An alternative route to a career in law.
An alternative route to a career in law.
Apprenticeships allow law firms to support talented young people with a desire to begin their career in law.
If you want to pursue a legal career but the university route isn’t for you, a legal apprenticeship is a fantastic alternative.
Legal apprenticeships are routes into the legal profession that involve working and studying concurrently. They have been developed by a high profile panel of law firms.
It is possible to progress from one apprenticeship onto the next. So, for example, following a paralegal apprenticeship, you could progress onto the chartered legal executive or solicitor apprenticeship.
You can complete a Solicitor Apprenticeship, which is a six-year, Level 7 programme aimed at A-level graduates, paralegals and chartered legal executives.
You could also complete a Paralegal Apprenticeship, which is a two-year, Level 3 programme. You’ll get an introduction to law and practice, legal research and client care skills.
Many firms also offer apprenticeships within their business service teams, such as Marketing and IT.
Deciding to offer apprenticeships at your firm can raise a number of questions. Or, perhaps you already offer them but have questions about the apprenticeship levy.
We have included here some of the most commonly asked questions together with some useful information on training providers and other relevant organisations.
A legal apprentice is an employee of the law firm, employed under an apprenticeship agreement. During the apprenticeship agreement, the apprentice spends time in “on the job” training at the law firm alongside spending time in “off the job training”, provided by a third party training provider. At the end of the apprenticeship, the apprentice receives a qualification and (like a trainee) can remain with the law firm or move elsewhere.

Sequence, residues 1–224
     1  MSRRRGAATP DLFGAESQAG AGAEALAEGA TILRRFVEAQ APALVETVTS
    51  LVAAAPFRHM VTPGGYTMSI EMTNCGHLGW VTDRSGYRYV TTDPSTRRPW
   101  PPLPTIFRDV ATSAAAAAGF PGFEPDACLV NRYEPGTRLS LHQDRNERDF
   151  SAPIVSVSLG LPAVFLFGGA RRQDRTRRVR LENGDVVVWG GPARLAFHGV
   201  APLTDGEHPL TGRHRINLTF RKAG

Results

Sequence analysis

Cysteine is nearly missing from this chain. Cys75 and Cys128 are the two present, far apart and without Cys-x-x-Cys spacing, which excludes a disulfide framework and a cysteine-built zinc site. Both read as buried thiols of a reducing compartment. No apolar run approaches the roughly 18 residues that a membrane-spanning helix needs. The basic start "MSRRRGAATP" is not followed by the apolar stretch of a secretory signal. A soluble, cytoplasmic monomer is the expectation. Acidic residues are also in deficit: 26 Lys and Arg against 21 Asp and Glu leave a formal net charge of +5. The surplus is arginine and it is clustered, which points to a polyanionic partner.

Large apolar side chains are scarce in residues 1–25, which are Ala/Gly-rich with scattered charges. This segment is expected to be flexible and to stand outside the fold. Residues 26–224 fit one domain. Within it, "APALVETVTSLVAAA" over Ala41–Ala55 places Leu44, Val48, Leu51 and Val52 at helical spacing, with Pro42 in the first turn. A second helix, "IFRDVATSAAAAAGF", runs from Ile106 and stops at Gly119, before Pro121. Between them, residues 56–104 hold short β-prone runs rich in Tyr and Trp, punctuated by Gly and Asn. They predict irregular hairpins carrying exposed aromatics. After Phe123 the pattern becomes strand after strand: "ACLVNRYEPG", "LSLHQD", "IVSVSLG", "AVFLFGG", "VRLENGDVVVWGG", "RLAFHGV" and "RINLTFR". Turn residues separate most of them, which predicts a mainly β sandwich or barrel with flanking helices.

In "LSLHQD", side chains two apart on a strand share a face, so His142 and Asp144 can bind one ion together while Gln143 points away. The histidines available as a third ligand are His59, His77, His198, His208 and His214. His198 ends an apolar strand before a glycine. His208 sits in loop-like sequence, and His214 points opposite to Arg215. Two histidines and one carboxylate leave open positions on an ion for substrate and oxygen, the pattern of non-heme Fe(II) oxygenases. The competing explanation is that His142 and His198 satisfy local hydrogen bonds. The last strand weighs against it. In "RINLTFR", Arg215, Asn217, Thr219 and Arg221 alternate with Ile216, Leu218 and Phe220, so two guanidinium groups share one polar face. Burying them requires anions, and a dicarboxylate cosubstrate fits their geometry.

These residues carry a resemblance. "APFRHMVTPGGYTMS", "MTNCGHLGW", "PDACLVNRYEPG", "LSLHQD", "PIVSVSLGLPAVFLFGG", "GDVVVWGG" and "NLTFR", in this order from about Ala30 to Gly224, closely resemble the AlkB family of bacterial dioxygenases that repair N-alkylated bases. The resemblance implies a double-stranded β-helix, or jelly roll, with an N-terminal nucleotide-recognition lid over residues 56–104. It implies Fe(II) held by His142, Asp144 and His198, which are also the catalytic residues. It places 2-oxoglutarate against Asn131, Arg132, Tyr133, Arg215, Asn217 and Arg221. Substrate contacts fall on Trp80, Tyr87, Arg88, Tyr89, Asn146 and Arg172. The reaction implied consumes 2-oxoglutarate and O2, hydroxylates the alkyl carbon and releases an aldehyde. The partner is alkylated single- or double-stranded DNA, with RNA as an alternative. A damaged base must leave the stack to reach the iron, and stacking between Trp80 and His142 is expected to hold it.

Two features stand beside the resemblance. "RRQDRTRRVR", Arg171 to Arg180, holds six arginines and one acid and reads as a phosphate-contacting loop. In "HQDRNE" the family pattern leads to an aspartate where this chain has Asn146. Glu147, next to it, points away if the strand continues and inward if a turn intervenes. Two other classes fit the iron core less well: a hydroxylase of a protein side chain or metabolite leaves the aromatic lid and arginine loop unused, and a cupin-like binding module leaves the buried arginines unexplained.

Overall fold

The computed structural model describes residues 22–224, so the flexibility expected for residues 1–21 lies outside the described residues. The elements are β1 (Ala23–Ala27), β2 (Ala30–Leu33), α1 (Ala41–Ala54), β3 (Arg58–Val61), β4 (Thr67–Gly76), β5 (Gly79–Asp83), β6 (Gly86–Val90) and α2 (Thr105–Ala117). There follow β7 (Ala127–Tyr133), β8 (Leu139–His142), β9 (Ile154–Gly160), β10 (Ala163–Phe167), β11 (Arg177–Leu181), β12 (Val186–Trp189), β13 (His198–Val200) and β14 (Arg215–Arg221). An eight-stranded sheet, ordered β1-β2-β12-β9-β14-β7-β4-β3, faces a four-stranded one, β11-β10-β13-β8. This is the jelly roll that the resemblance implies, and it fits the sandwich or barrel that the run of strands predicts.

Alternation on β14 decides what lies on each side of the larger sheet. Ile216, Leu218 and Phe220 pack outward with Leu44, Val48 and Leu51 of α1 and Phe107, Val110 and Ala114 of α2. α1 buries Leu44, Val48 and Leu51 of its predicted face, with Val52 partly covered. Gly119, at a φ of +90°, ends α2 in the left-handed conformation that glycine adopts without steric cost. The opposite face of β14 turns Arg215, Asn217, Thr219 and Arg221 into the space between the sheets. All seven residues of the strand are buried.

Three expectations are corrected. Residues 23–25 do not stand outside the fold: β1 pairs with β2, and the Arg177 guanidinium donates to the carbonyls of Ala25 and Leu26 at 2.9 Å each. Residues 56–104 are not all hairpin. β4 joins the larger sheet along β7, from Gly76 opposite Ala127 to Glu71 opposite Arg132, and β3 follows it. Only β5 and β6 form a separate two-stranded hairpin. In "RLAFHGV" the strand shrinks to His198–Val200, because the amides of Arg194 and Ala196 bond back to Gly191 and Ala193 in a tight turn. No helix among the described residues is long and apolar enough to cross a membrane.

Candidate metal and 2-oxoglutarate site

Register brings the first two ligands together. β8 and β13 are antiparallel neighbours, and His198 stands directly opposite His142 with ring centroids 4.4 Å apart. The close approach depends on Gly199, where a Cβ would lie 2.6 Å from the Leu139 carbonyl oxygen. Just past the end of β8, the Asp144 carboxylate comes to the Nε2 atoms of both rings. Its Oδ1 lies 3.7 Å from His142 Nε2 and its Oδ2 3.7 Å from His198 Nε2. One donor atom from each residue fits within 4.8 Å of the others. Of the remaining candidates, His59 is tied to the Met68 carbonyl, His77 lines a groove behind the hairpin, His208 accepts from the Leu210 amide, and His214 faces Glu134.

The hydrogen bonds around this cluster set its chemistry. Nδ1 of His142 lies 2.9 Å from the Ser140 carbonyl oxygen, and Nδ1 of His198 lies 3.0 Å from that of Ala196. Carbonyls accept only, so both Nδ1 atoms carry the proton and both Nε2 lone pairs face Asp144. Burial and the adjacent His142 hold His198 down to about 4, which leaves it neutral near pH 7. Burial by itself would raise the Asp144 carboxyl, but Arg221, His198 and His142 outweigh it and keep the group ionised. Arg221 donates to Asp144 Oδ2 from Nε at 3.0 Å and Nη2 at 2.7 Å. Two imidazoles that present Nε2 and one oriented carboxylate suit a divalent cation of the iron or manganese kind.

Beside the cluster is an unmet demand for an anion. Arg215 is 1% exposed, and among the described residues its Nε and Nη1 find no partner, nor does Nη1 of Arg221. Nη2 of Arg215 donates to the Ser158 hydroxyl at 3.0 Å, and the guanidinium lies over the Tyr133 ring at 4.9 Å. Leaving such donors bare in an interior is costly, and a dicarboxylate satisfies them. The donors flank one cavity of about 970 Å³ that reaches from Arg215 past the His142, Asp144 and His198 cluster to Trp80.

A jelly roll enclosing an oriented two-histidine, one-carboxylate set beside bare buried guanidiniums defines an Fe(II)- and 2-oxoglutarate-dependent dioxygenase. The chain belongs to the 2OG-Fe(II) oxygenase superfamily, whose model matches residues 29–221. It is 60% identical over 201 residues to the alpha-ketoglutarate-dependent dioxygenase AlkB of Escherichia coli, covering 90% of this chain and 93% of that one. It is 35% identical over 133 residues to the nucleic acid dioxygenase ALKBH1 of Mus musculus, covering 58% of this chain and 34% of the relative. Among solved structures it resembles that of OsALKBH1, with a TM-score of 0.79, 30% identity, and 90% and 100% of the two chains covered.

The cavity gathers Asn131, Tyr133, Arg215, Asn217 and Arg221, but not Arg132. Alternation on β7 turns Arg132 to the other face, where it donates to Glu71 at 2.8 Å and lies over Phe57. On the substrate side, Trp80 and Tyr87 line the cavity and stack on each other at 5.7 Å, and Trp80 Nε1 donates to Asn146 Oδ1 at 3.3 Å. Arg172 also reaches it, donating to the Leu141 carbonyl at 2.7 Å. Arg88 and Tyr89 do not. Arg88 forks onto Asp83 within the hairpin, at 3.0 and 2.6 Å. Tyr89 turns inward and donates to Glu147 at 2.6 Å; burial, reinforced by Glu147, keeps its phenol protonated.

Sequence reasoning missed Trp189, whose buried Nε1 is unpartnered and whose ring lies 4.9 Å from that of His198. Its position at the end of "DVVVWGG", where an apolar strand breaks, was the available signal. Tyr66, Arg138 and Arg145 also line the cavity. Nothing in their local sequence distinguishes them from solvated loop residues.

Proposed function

Legal apprenticeships support law firms to widen access to the legal profession by creating opportunities for people to gain experience and begin careers in law where that might otherwise be out of reach. Although apprentices are often school leavers who, for whatever reason, do not want (or are unable) to go to university, there is no requirement for an apprentice to be a school leaver.
Apprentices may also be people changing career or returning to work after a career break. An apprentice can be any age!
PRIME members that have introduced apprenticeship programmes have found they have attracted applications from a more diverse range of candidates when compared with applications for paralegal roles or training contracts.
There are a number of different types of legal apprenticeships and each of those has a different apprenticeship “level”, indicating the level of qualification. The most common legal apprenticeships are:
• Paralegal Apprenticeship (Advanced – Level 3)